# What are Hermitian conjugates in this context? [closed]

I am having trouble understanding the definition Hermitian and Hermitian conjugate.

An operator is Hermitian provided that: $$\hat{O}^\dagger=\hat{O}$$

The Hermitian conjugate of the differentiation operator: $$\left(\frac{\mathrm{d}}{\mathrm{d}x}\right)^\dagger=-\frac{\mathrm{d}}{\mathrm{d}x}$$

We know that the differentiation operator is not a Hermitian then why is it called a Hermitian conjugate and not just a conjugate

## 2 Answers

Hermitian is an adjective used to describe an operator which is equal to its Hermitian conjugate.

Hermitian conjugate (sometimes also called Hermitian adjoint) is a noun referring to the generalisation of the conjugate transpose of a matrix.

It doesn't really make sense to say that a particular operator is a Hermitian conjugate without any context. In your example, we would say that $$-\frac{\mathrm{d}}{\mathrm{d}x}$$ is the Hermitian conjugate of $$\frac{\mathrm{d}}{\mathrm{d}x}$$.

• ok thank you i understand. Just because a we found a Hermitian conjugate of an operator it doesn't have to mean that operator is Hermitian unless they are equal – Jack Jack Jan 19 at 23:54
• @JackJack Yes. But finding a Hermitean conjugate is a delicate business in general. The modern mathematical terminology speaks of adjoint, instead of Hermitean conjugate. This latter wording is kept in matrix (i.e. finite-dimensional case) algebra. – DanielC Jan 19 at 23:56

The Hermitian Conjugate or Hermitian Transpose of an operator $$\hat{O}$$ is defined as $$\hat{O}^\dagger$$.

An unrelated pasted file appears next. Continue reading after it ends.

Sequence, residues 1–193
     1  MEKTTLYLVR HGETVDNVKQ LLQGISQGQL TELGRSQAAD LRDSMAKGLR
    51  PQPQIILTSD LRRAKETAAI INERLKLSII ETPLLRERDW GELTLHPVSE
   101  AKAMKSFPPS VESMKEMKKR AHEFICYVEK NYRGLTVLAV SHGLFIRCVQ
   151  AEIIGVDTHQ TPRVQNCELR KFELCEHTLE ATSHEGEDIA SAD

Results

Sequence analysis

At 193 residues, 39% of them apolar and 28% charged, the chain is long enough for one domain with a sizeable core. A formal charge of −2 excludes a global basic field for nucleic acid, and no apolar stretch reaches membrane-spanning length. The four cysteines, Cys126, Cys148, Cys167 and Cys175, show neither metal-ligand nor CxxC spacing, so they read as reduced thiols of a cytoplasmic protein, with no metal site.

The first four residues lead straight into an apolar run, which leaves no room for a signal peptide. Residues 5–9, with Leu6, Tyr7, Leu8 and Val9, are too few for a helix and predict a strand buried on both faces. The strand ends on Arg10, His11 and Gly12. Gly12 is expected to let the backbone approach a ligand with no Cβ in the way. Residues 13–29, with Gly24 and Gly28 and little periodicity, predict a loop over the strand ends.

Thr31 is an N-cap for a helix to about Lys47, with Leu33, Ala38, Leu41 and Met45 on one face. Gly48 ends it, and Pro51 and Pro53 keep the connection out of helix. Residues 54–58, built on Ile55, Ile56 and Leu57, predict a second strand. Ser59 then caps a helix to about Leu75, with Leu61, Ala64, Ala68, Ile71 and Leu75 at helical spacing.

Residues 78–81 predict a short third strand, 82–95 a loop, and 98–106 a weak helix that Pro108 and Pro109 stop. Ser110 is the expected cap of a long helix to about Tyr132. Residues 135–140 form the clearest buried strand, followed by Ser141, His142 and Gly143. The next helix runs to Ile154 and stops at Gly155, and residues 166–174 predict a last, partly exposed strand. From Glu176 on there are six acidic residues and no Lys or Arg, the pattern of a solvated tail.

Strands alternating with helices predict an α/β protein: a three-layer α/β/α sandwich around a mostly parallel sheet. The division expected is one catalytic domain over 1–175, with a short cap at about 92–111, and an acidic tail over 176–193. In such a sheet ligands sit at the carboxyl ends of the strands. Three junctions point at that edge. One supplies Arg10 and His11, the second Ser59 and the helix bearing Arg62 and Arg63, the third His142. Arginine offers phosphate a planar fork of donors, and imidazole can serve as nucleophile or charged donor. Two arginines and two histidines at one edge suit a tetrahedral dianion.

As you stated in your question an operator $$\hat{Q}$$ is Hermitian iff $$\hat{Q}=\hat{Q}^\dagger$$, I know the terminology can be confusing. An operator is Hermitian if it is equal to its Hermitian Conjugate.

Now to the differentiation operator: I assume you know why $$\frac{d}{dx}^\dagger=-\frac{d}{dx}$$ since its in your question but here is a link that describes it if you are unsure: Explaining why $\mathrm{ d/d}x$ is not Hermitian, but $\mathrm{i~ d/d}x$ is Hermitian

Clearly $$\frac{d}{dx}^\dagger \neq \frac{d}{dx}$$, so the operator is $$\textbf{not}$$ Hermitian, but we can still just find its Hermitian Conjugate same as any other operator.

• Would you be able to help with the second part? – Jack Jack Jan 20 at 0:45
• By * do you mean complex conjugate or Hermitian Conjugate? Textbooks sometimes swap notation and its really annoying, im not sure which one you are referring to since I dont think you are interested in only complex conjugating based on your previous question; and you also used the other convention earlier – xXx_69_SWAG_69_xXx Jan 20 at 0:54